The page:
Image source: Conn's.
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If it surprised you to see shares of Conn's (NASDAQ: CONN)soar 24% two weeks ago, after the company posted problematic quarterly results, then it may be an even bigger shock that the stock rocketed another 19% this past week on no news at all. We're talking about a mind-numbing 48% pop in two weeks for a stock that kicked off the rally with a dubious financial report.
There were no major developments out of Conn's last week. The only analyst news involving Conn's really had more bearing on Tempur Sealy (NYSE: TPX) than on Conn's.
Piper Jaffray analyst Peter Keith pushed out a bullish note on Tempur Sealy on Wednesday, after learning that it had become the exclusive distributor of mattresses to Conn's. Tempur Sealy is replacing Serta at Conn's as its mattress supplier of choice, a move that should result in $20 million to $22 million in annual wholesale revenue for Tempur Sealy.
This may not seem like a big deal for those who view Conn's as an appliance and consumer-electronics retailer, but a whopping 35% of product sales at the retailer came from its furniture and mattress category in its latest quarter.Conn's sees that category growing to 45%, making this a pretty sweet deal for Tempur Sealy. This could also be a pretty sweet deal for Conn's. There are higher margins to be had in furniture pieces and mattresses than in its other product categories. However, the shift to Tempur Sealy won't make much of a difference at Conn's itself.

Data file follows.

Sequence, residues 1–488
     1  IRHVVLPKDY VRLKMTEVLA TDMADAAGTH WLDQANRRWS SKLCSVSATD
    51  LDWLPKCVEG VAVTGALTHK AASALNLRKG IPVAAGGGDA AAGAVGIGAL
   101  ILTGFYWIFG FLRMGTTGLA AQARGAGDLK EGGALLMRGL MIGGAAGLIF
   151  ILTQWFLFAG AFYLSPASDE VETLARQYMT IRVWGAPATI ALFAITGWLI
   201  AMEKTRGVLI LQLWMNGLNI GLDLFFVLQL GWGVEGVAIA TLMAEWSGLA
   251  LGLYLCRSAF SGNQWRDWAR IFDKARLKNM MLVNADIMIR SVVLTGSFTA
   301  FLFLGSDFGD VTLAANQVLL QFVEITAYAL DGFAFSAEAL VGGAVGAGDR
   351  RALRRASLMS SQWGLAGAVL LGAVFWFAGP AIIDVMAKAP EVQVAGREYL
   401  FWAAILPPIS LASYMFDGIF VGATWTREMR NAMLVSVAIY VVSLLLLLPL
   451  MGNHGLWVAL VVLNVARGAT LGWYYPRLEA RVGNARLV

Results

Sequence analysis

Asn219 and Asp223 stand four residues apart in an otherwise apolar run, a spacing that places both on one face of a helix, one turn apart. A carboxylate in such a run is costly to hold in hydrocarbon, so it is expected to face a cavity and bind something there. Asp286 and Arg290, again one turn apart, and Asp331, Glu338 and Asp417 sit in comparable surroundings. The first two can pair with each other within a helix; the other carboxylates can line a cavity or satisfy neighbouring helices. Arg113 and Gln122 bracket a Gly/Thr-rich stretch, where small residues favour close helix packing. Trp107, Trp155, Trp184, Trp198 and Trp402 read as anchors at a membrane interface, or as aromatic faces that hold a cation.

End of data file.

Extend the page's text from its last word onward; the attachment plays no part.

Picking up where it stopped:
Wrath of Conn's
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Now that the stock has moved higher in seven of the past eight trading days, it's worth circling back to the seeminglyiffy quarterly reportthat triggered the rally earlier this month. Comparable-store sales fell across all four of its product categories. Comps clocked in 5.1% lower than a year earlier for the fiscal second quarter, or a 4.6% decline if we eliminate the video-game products, digital cameras, and select tablets that Conn's chose to discontinue.
Conn's checked in with an adjusted loss of $0.04 a share. Analysts were holding out for a deeper deficit, but this is the first time the retailer has posted a loss during its fiscal second quarter in five years. It bears pointing out that Conn's fell short of Wall Street's top-line expectations.
There's also the thorny debt situation at Conn's. Its provision for bad debts has moved higher over the past year, and Conn's sees that provision covering between14.25% to 15.25% of its average total customer portfolio balance. The retailer did boast about winning regulatory approval to charge higher rates on its borrowed big-ticket purchases in Texas, but high rates are only worth applauding if unreliable borrowers are actually paying them.
The stock is still trading 57% lower year to date, correctly framing the recent rally. It's been a refreshing surge these past two weeks, but the stock still has problems -- and a long way to go before it's truly back.
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